Open space and trails a never-ending job in Pitkin County
The Aspen Times
At first glance, the hikers coming down the Smuggler Mountain Road in a group look equally perplexed and agitated as the white Pitkin County truck slowly moves toward them.
The truck pulls over to the side of the narrow road and waits for the group to make its way around the vehicle. The looks change quickly to smiles as they’re given a friendly greeting from Open Space and Trails senior ranger John Armstrong.
“Can I help you folks with anything?” Armstrong asks from the driver’s seat.
The hikers thank Armstrong but don’t need any help. They tell him they appreciate the offer and continue on their way.
“This is one of my favorite parts of the job,” Armstrong said. “It’s awesome to interact with people who are really enjoying themselves in this beautiful setting.
Armstrong is one of four Pitkin County Open Space and Trails rangers and acts as the spokesman for the rangers. He’s been living in the Roaring Fork Valley since 1971 and has been an open space ranger in Aspen for seven years.
The main responsibilities for Armstrong and the other open space rangers are managing county land and recreational trails. They also provide visitor services, enforce regulations and maintain trails.
They patrol by foot, bicycle or vehicle while performing trail checks. They look for and identify hazardous conditions on trails and open space lands, as well as identify maintenance needs, monitoring wildlife activity and ecological changes.
Armstrong says he spends most of his time in the summer monitoring the North Star Nature Preserve, Smuggler Mountain and the ever-growing number of special events in and around Aspen.
The North Star preserve is 175 acres of open space on the Roaring Fork River about 11/2 miles east of Aspen in Pitkin County. It’s part of the Pitkin County Open Space and Trails program and was set aside for preservation for many reasons, including as an elk-calving and bird-nesting area, a natural aquifer, a living classroom and as a place for quiet recreation.
Pitkin County purchased the land was purchased in 1977, the first tract it bought to set aside specifically for wildlife preservation.
“I consider the North Star Nature Preserve as our ‘crown jewel’ of protected areas in and around Aspen,” Armstrong said. “It is incredibly beautiful and pristine, but the cat’s out of the bag. It’s easily accessed, and more and more people are taking advantage of its close proximity to Aspen.”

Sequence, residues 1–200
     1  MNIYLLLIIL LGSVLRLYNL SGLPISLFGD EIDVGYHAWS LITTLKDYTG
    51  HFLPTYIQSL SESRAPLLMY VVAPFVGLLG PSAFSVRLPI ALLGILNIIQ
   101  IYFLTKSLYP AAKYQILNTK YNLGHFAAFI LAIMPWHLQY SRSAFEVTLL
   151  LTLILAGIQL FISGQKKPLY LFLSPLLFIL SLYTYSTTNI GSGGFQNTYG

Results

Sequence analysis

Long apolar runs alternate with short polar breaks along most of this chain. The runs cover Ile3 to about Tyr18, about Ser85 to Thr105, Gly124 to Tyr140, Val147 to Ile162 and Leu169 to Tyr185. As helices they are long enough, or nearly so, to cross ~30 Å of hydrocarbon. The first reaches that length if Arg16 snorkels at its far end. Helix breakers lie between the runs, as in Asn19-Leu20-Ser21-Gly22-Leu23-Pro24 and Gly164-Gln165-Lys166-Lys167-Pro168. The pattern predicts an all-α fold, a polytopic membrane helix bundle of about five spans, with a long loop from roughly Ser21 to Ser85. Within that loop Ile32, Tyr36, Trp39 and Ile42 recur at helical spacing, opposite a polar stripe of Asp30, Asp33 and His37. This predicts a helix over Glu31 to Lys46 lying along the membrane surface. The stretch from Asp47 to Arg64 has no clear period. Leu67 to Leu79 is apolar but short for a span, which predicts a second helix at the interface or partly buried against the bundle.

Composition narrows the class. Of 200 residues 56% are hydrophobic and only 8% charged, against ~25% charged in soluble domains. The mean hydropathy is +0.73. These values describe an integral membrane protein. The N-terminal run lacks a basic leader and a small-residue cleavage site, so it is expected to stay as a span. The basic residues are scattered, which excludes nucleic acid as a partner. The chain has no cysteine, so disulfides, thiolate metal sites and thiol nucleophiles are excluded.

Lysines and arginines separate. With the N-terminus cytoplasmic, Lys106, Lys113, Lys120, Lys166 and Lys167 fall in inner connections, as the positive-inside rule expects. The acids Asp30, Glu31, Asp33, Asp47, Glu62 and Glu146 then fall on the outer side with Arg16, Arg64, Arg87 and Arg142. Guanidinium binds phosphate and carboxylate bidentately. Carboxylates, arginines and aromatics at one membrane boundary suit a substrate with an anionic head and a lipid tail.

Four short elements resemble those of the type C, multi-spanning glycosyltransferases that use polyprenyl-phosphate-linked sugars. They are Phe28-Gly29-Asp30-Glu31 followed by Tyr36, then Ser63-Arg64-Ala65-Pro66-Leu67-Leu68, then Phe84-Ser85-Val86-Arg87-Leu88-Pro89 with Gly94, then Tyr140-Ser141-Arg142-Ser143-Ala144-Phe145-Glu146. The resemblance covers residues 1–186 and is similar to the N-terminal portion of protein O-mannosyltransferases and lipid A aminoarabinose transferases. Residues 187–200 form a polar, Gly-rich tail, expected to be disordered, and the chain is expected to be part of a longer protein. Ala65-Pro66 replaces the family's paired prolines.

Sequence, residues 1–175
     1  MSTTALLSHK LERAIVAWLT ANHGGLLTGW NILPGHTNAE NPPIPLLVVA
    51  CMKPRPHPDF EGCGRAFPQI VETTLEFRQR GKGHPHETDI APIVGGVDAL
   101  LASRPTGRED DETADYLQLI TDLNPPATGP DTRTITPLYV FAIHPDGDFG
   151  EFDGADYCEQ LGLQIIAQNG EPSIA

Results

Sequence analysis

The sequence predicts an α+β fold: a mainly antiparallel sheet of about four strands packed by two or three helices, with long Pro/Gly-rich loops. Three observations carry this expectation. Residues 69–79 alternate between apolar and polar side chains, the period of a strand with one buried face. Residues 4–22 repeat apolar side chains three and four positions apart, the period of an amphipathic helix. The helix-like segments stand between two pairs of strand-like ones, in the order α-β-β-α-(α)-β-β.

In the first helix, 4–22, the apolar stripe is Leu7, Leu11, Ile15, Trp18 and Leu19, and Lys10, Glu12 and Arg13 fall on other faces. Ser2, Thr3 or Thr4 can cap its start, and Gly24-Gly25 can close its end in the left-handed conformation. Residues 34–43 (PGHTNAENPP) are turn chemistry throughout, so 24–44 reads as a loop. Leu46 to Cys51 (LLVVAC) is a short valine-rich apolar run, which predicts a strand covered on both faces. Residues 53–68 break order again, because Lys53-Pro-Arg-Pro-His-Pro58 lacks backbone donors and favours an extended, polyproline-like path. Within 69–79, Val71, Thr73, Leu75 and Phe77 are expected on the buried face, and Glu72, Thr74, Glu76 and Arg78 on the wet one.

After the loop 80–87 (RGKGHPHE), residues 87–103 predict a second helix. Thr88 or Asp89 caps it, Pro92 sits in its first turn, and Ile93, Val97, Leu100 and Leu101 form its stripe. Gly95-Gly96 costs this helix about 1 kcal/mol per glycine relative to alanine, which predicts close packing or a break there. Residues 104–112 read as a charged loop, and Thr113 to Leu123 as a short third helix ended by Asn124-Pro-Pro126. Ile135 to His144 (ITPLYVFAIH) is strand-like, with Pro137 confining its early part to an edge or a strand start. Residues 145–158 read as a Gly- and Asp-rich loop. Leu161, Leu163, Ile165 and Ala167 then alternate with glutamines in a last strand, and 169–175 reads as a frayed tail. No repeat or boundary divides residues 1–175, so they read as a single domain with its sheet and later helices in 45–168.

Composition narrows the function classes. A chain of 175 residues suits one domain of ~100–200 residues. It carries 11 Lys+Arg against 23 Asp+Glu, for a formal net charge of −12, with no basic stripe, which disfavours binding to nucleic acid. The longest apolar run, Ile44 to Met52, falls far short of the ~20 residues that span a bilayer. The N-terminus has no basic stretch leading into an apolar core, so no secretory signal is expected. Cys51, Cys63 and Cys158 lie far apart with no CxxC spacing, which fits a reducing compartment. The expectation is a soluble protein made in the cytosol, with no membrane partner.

Armstrong said the number of visitors to North Star has increased 2,000 percent in the past three years.
“The numbers are absolutely off the charts,” he said. “There are some very specific rules in that area, and it’s been a challenge to keep the public educated.”
The Roaring Fork River borders the preserve, and the land between the river and Highway 82 has a hiking trail and is open to the public. All the land south of the river on the preserve is off limits.
One of the biggest challenges has been keeping dog owners from letting their pets run free in the area. The preserve allows no dogs whatsoever.
The Roaring Fork River also is getting much more use from paddleboarders and tubers.
“Because the preserve is such a sensitive area, we have to monitor it closely,” Armstrong said. “This is an area we won’t hesitate to ticket people who won’t follow the rules. What we’re striving for is a balance between resource protection and allowing people to enjoy their recreational experience.”
Armstrong said the number of special-event requests has been going up consistently, especially the past few years. Each event that comes to Aspen needs to be monitored, especially for safety.
This fall, the Pitkin County Community Development Department will release a detailed report on special events that should help determine the impact the events have on the area.
“The report will give us some guidance on how to proceed with these events,” Armstrong said. “It’ll help determine how many events we can support, the size, where and when we have them as well as if they’re an appropriate fit for our resources.”
SMUGGLER MOUNTAIN ROAD
The Smuggler Mountain Road and trail system averages 400-plus users a day in the summer. Roughly half of those users are dog walkers. The road is not a leash-required area, but dogs must be voice- and sight-controlled.
Dog walkers still must possess a leash and a bag to remove animal waste as well as accept responsibility for removing any dog waste they pick up from the road-and-trail system.
“Behavior is paramount,” Armstrong said. “It’s a wonderful place to walk dogs and let them socialize.”
There are many signs that explain the rules on the road and trails. There also are several trash cans and waste-bag stations on the lower half-mile of the road.
Armstrong lists four criteria when he patrols Smuggler Mountain: outreach, education, compliance and enforcement — in that order.
“We want to give people the opportunity to be educated on the rules,” Armstrong said. “It makes my job easier. Part of my job is being an advocate for environmental stewardship. We haven’t had to give out a lot of citations this year. The Smuggler area has become much cleaner the past five years. People should be proud of that.”
Armstrong wanted to remind people hiking in the area that Smuggler Mountain Road still is a low-maintenance country road where vehicles have the right of way. He also believes that if people employ a little courtesy and respect, no matter what form of transportation they choose, everyone can share the whole outdoor experience.
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